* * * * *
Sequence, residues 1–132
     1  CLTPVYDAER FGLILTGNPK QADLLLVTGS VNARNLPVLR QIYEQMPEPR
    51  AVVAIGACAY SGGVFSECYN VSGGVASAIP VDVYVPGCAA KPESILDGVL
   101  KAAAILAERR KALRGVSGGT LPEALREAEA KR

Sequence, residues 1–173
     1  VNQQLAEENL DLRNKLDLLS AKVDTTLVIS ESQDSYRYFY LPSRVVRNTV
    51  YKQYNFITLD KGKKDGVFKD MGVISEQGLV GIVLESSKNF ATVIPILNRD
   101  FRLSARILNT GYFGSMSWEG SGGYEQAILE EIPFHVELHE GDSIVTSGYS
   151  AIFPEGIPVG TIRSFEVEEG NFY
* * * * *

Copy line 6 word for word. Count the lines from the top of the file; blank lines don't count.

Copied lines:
     1  VNQQLAEENL DLRNKLDLLS AKVDTTLVIS ESQDSYRYFY LPSRVVRNTV